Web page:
Sun, Jul 23, 2006 - Page 1 News List

Israel targets Lebanese television towers

COMMUNICATION LINKS Fighter jets took out TV and radio transmission towers at sites across Lebanon as Israeli forces intensified attacks on the country's infrastructure

AGENCIES , BEIRUT AND JERUSALEM

Israeli warplanes hit TV transmission towers yesterday in Lebanon, knocking the nation's leading private network off the air and cutting phone links to some regions.

Fighter bombers fired missiles at transmission stations in the central and northern Lebanese mountains, leaving antennas burning on the ground.

Three missiles hit a transmission station at Fatqa in the Keserwan mountains. Another airstrike crippled a transmission tower at Terbol in northern Lebanon, where relay stations for the Lebanese Broadcasting Corp, Future TV and Hezbollah's al-Manar are located.

The three stations could no longer be seen in parts of the country although their satellite feed was unaffected. The Lebanese Broadcasting Corp is the nation's leading private network.

Hezbollah TV has been targeted previously, during the hostilities that erupted on July 12. It went off the air for less than 10 minutes during the pounding.

The transmission of Radio Free Lebanon, a private station, was also disrupted when airstrikes hit a tower on a mountaintop in Sannine that was also used by the Lebanese Broadcasting Corp.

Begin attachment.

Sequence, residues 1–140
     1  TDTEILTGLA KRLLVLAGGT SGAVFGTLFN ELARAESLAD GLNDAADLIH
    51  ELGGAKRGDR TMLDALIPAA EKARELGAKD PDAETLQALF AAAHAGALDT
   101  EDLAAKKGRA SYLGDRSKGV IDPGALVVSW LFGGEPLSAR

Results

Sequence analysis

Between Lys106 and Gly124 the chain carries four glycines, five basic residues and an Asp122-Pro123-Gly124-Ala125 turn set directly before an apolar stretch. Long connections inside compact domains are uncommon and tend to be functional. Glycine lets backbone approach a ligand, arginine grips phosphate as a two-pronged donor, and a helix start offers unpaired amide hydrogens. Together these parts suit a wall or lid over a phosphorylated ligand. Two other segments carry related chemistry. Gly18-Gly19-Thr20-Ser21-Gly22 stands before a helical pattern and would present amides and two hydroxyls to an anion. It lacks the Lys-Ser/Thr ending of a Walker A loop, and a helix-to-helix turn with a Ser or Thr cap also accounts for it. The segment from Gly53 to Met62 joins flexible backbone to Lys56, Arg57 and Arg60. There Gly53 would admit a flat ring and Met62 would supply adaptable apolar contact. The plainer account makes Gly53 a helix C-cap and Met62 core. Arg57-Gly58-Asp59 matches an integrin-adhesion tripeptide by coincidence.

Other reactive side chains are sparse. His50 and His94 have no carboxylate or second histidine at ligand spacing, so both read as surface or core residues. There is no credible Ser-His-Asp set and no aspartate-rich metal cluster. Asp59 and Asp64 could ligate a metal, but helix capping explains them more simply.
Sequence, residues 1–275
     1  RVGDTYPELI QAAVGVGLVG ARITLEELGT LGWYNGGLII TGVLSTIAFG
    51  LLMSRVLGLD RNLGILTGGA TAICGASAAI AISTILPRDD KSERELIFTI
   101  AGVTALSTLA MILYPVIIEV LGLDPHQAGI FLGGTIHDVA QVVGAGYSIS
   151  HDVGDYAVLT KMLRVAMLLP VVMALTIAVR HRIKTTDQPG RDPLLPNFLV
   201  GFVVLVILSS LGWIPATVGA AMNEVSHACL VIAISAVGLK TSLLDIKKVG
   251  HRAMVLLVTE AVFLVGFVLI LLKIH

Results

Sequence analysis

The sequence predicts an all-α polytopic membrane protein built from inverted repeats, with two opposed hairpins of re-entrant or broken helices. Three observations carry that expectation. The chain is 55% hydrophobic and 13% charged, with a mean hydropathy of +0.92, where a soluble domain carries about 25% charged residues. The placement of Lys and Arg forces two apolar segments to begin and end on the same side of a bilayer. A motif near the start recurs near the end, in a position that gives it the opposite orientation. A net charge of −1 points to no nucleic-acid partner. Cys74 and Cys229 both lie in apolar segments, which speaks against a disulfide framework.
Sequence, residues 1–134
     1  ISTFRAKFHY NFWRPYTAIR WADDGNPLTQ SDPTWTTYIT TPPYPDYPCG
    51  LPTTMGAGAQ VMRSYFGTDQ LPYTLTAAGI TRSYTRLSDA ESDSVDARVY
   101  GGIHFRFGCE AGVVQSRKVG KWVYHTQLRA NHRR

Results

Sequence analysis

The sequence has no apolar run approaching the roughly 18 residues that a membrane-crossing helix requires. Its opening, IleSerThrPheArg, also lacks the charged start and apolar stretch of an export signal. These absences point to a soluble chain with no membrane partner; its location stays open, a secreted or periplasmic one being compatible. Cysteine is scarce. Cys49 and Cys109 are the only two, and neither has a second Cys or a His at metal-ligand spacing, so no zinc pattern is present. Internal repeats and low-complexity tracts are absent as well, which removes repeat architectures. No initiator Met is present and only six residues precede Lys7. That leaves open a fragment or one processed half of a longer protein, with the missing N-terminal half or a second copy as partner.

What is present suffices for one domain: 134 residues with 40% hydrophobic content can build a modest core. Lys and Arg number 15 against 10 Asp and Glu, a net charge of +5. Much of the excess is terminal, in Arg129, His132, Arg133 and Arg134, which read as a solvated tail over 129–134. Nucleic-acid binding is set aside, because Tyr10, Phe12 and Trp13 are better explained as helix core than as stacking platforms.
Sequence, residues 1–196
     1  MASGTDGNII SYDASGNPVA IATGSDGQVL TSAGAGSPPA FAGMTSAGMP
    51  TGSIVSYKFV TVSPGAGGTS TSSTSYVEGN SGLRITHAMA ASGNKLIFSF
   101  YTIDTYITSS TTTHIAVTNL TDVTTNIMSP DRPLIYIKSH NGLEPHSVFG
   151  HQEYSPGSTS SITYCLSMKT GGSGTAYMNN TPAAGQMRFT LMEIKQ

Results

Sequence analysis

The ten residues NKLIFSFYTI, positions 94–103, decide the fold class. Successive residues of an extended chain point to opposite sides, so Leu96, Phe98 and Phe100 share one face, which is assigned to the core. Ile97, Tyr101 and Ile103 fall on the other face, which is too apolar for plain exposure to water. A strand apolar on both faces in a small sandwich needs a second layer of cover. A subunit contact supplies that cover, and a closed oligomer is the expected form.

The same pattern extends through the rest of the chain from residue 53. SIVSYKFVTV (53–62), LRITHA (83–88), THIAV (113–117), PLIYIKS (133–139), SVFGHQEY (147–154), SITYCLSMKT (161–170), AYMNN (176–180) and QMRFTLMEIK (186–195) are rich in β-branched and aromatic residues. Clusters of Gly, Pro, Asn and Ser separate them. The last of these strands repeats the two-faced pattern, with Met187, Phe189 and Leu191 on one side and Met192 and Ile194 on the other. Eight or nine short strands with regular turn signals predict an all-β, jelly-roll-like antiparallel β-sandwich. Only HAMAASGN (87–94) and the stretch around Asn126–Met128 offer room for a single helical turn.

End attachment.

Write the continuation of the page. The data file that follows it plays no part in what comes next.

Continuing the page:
Israeli warplanes targeting a truck hit a Christian suburb of Beirut earlier this week, but yesterday's attack was the first major airstrike in the Christian area.

Israeli forces urged residents of around 10 villages in southern Lebanon to leave by 6pm yesterday ahead of planned air strikes against suspected Hezbollah guerrillas, military sources said.

"In tackling the terrorists, we have two choices -- either to send in troops or to bomb their infrastructure from the air. Clearly the latter is preferable, but we want to give the civilians time to leave," a military source said.

Israel also opened a maritime and air corridor to allow humanitarian aid shipments into Lebanon, the head of the Israeli army coordination office said yesterday.

"We have authorized a 50-mile-long and five-mile-wide [80km by 8km) safe passage to the Beirut port for ships and aircraft," Major Asahel Avraham said, apparently referring to helicopters.

"We have announced that any nations that wished to support the humanitarian aid efforts for Lebanon could do so in coordination with us," Avraham said.

Meanwhile, Hezbollah guerrillas fired at an Israeli military base near the Lebanese border yesterday, wounding one soldier, the military said.

The attack occurred at the Nurit army base near the Israeli town of Avivim, a spokesman for the Israeli Defense Forces said.

Military sources said the attack apparently involved sniper fire from guerrillas on the Lebanese side of the border.

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